SIMULATION

Another characteristic of APS is its ability to simulate quickly and with flexibility. The ERP process assumes everything is known: require­ments, resources, lead times, and capacities. It processes them into a plan of execution. Simulation lets us try different scenarios, make con­tingency plans, offline, without changes to the plan. It prevents others from taking actions like generation of orders. The ability to separate the formal plan, which everyone in the enterprise is committed to, from other, noncommittal attempts of checking and testing other options goes way beyond the classical question of "what if?" ATP and optimization are forms of simulation. Collaborative forecast is a form of simulation. The ability to simulate became practical and affordable with the devel­opment of memory-resident processing technology. It allows us to quickly duplicate a situation, make assumptions, test the results and assess them, providing us with a real-time decision support. It also allows us to build our data gradually, and reap some early benefits before it is complete or perfect.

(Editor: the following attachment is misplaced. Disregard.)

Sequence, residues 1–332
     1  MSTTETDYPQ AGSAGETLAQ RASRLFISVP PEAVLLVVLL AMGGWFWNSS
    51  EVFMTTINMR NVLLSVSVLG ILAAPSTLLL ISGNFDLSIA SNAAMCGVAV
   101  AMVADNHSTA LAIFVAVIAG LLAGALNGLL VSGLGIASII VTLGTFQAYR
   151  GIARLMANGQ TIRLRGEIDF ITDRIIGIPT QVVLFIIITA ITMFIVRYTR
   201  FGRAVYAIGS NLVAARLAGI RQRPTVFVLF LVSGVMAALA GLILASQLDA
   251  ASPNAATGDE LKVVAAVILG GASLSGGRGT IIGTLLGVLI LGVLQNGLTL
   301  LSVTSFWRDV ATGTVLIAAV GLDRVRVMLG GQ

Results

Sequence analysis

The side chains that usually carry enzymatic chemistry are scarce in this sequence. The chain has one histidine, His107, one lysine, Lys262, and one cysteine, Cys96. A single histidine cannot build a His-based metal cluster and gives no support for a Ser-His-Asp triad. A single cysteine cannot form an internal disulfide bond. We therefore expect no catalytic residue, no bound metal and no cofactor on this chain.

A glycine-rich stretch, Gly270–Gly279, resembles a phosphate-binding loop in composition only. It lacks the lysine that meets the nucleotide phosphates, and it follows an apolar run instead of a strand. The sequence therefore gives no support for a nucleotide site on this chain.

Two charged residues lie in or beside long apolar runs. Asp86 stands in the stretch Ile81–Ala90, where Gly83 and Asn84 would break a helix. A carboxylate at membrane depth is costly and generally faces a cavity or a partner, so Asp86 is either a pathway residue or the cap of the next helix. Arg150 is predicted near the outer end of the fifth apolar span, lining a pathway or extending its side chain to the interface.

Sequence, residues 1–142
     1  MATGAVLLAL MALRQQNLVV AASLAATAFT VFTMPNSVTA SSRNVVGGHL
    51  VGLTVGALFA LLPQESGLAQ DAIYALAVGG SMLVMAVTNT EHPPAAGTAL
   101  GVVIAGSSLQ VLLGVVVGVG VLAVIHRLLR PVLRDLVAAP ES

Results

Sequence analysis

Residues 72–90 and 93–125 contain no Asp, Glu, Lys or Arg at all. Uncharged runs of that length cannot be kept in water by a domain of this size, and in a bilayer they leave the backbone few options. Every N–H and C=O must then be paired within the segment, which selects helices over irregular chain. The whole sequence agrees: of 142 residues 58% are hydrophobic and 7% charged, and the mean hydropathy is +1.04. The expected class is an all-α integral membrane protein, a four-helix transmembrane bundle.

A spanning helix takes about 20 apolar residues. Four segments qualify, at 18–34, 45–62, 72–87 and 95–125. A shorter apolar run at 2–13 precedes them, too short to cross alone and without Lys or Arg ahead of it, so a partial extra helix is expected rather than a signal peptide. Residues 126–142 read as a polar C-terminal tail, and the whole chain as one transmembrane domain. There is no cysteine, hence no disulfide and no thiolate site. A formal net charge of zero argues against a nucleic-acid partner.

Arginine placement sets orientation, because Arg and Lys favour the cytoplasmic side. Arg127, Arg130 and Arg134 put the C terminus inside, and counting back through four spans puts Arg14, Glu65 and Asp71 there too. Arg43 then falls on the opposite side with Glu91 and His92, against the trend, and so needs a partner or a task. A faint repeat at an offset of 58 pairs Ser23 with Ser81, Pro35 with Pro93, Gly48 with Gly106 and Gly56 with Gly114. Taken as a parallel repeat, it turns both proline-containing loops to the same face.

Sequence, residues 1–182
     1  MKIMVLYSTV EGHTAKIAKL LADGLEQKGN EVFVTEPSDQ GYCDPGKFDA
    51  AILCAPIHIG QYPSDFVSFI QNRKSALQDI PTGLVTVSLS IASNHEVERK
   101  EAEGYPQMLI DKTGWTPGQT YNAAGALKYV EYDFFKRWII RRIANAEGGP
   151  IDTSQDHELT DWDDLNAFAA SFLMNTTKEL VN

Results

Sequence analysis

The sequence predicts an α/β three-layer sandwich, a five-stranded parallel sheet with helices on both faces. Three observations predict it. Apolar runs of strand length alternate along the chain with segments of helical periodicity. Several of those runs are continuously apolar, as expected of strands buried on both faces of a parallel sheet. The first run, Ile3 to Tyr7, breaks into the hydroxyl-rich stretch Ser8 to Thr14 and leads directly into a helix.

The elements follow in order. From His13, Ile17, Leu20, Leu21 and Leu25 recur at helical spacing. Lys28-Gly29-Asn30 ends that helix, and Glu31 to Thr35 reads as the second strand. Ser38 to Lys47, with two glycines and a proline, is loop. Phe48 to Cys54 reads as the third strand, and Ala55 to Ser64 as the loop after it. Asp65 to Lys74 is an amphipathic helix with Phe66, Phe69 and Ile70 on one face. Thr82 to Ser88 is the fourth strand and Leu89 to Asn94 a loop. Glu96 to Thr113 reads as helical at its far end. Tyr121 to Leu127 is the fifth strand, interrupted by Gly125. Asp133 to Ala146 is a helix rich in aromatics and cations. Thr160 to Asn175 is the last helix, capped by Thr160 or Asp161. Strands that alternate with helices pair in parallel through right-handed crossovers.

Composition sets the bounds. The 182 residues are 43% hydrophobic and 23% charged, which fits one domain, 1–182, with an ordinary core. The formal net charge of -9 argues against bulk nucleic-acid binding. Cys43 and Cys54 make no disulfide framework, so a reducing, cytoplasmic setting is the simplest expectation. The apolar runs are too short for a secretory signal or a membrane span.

To Be Continued

For balance of this article, click on the below link:

Lean Manufacturing Articles and click on Series 11